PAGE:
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By Terri Moon Cronk
DoD News, Defense Media Activity
WASHINGTON, Jan. 15, 2015 - As tax season begins, Defense Department officials want to remind TRICARE beneficiaries of changes in the tax laws, which require all Americans to have health care insurance.
For the first time since the Affordable Care Act passed in 2012, all U.S. citizens, including service members, their families, military retirees, DoD civilians and nonappropriated employees, must report health care coverage on their 2014 taxes, said Mark Ellis, a Defense Health Agency health care operations program analyst.
For this year only, taxpayers will "self-attest" on their 2014 tax forms to each month in which they had health care coverage, he said.
Forms Issued to Military, Civilian Taxpayers
In January 2015, DoD and the services' pay centers will issue military and civilian taxpayers forms that reflect medical coverage, much the same way employees receive their W2s, Ellis said.
"The IRS will require insurers to send that information," Ellis said, adding that IRS is the agency that will assess penalties for those who are not insured on a month-by-month basis.
DoD has more than 250,000 beneficiaries who are eligible for TRICARE, Ellis said, adding that it's up to each service member to make sure their DEERS data base lists Social Security numbers for them and their families, so the 2015 health care tax forms can be sent out.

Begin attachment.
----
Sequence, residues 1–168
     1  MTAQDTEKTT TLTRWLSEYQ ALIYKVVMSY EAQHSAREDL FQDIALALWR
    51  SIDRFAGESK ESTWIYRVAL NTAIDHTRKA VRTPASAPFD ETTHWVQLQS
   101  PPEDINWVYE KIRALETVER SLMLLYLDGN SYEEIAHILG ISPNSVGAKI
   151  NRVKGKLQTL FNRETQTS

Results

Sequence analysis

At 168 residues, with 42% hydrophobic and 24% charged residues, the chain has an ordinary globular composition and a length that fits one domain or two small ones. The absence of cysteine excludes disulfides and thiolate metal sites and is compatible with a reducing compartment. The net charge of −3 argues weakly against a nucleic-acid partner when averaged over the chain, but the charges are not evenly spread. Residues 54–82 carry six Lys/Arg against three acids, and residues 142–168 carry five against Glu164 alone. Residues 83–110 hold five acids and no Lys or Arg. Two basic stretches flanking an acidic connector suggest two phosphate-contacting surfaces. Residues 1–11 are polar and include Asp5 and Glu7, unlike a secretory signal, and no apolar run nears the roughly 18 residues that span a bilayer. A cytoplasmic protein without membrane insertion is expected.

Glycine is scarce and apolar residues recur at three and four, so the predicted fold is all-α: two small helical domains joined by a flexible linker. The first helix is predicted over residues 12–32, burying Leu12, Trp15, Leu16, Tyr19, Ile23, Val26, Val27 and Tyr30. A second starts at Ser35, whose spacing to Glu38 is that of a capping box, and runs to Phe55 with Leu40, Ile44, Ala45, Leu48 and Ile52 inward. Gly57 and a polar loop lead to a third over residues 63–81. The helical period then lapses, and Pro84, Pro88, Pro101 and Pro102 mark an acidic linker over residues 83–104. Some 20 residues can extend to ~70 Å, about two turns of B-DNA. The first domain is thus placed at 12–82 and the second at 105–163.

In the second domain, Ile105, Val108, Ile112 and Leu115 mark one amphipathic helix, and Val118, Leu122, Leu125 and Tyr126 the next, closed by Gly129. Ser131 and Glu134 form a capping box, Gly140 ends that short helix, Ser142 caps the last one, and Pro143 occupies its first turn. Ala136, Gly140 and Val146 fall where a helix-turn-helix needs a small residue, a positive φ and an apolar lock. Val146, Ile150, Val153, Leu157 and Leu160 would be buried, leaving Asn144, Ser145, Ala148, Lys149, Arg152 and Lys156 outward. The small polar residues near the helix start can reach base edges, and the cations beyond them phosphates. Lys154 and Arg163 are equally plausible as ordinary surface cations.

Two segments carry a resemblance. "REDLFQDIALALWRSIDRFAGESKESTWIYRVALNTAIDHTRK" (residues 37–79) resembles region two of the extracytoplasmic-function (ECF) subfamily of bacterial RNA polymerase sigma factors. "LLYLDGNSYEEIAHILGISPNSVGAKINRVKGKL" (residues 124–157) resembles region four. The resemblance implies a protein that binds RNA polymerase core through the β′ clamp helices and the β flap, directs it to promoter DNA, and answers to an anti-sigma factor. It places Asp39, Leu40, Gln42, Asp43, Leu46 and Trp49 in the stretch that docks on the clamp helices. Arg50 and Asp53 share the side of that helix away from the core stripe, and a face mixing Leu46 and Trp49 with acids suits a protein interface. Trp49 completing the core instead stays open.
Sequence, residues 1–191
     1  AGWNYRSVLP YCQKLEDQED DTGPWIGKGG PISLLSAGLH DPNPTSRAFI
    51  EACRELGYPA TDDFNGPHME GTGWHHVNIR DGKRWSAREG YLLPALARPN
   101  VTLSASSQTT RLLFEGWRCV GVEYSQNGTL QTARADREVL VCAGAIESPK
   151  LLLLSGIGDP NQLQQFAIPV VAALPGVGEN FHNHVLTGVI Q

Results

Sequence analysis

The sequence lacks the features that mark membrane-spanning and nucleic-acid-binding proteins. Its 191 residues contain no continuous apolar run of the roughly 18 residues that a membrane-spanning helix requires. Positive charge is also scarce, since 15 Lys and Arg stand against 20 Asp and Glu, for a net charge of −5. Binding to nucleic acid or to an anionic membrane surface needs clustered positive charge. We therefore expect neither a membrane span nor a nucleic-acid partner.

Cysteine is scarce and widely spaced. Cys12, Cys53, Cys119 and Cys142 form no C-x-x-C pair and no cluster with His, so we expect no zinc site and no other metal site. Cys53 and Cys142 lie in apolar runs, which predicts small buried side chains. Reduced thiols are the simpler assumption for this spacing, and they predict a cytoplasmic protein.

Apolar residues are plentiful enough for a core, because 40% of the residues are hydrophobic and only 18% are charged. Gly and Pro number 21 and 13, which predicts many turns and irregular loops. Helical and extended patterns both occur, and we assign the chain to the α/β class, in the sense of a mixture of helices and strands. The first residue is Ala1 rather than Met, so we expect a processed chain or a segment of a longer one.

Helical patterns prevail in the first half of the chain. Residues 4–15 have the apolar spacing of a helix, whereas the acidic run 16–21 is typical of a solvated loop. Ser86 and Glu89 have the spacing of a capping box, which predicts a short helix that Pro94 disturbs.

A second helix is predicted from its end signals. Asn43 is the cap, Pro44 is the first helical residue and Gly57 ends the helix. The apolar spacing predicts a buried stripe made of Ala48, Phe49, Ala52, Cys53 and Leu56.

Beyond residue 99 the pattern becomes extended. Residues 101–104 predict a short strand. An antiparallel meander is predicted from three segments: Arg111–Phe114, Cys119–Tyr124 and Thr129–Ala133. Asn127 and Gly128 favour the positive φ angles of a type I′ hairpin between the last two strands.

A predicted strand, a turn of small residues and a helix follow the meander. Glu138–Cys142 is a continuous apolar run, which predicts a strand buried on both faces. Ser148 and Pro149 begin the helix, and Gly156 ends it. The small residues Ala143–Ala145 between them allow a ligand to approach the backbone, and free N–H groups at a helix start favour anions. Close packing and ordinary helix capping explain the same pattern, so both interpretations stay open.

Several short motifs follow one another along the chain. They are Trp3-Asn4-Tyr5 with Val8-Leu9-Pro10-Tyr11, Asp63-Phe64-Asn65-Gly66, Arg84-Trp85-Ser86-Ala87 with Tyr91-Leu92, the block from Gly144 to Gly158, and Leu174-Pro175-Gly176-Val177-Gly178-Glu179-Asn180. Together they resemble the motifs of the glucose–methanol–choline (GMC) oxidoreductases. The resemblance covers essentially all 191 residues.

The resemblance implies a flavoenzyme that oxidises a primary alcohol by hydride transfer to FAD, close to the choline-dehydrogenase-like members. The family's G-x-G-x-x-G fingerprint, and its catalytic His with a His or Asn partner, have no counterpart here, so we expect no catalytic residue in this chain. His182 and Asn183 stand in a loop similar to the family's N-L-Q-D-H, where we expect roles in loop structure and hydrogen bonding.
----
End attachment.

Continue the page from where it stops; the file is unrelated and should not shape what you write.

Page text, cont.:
Meets Minimal Essential Coverage
The act mandates that health care must meet minimum essential coverage, and TRICARE coverage meets that criteria for the majority of service members and their families, Ellis said.
For example, TRICARE, TRICARE Overseas, TRICARE Remote and the Uniformed Services Family Health Plan meet the minimum essential coverage, he added.
Uniformed service members who have questions about TRICARE, the act and the individual coverage mandate can visit the TRICARE website and download the fact sheet on TRICARE and the act, where TRICARE plans are listed with how they match up to minimum essential coverage, Ellis said.
The site also has suggestions for those who need coverage to meet the act's minimum requirements, he noted. That group of individuals could include retired reserve members, select reserve members, young adults up to age 26 and those who leave military service but need transitional coverage, Ellis said.
TRICARE beneficiaries with tax questions should contact the Internal Revenue Service or their tax advisers, he emphasized.
"The experts there can help them," Ellis said.